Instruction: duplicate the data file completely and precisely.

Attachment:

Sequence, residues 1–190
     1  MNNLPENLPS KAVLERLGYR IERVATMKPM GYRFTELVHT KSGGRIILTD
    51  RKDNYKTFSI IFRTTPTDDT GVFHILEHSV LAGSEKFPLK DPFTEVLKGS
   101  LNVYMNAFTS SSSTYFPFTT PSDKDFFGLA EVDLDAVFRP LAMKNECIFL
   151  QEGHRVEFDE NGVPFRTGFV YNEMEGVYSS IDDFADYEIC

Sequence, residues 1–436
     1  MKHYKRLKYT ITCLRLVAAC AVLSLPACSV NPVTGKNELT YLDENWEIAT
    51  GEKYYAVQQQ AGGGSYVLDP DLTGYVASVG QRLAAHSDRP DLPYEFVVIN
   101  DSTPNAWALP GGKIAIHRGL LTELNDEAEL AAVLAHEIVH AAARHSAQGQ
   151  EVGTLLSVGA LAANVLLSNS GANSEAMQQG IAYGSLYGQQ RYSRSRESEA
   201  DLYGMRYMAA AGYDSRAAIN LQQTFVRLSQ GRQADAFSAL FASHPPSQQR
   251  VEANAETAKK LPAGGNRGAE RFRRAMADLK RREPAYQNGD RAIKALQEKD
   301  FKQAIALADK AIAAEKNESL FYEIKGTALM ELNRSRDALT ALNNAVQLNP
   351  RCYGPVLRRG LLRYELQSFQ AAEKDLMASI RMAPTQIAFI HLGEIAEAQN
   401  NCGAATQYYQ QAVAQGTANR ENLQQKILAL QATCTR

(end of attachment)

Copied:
Sequence, residues 1–190
     1  MNNLPENLPS KAVLERLGYR IERVATMKPM GYRFTELVHT KSGGRIILTD
    51  RKDNYKTFSI IFRTTPTDDT GVFHILEHSV LAGSEKFPLK DPFTEVLKGS
   101  LNVYMNAFTS SSSTYFPFTT PSDKDFFGLA EVDLDAVFRP LAMKNECIFL
   151  QEGHRVEFDE NGVPFRTGFV YNEMEGVYSS IDDFADYEIC

Sequence, residues 1–436
     1  MKHYKRLKYT ITCLRLVAAC AVLSLPACSV NPVTGKNELT YLDENWEIAT
    51  GEKYYAVQQQ AGGGSYVLDP DLTGYVASVG QRLAAHSDRP DLPYEFVVIN
   101  DSTPNAWALP GGKIAIHRGL LTELNDEAEL AAVLAHEIVH AAARHSAQGQ
   151  EVGTLLSVGA LAANVLLSNS GANSEAMQQG IAYGSLYGQQ RYSRSRESEA
   201  DLYGMRYMAA AGYDSRAAIN LQQTFVRLSQ GRQADAFSAL FASHPPSQQR
   251  VEANAETAKK LPAGGNRGAE RFRRAMADLK RREPAYQNGD RAIKALQEKD
   301  FKQAIALADK AIAAEKNESL FYEIKGTALM ELNRSRDALT ALNNAVQLNP
   351  RCYGPVLRRG LLRYELQSFQ AAEKDLMASI RMAPTQIAFI HLGEIAEAQN
   401  NCGAATQYYQ QAVAQGTANR ENLQQKILAL QATCTR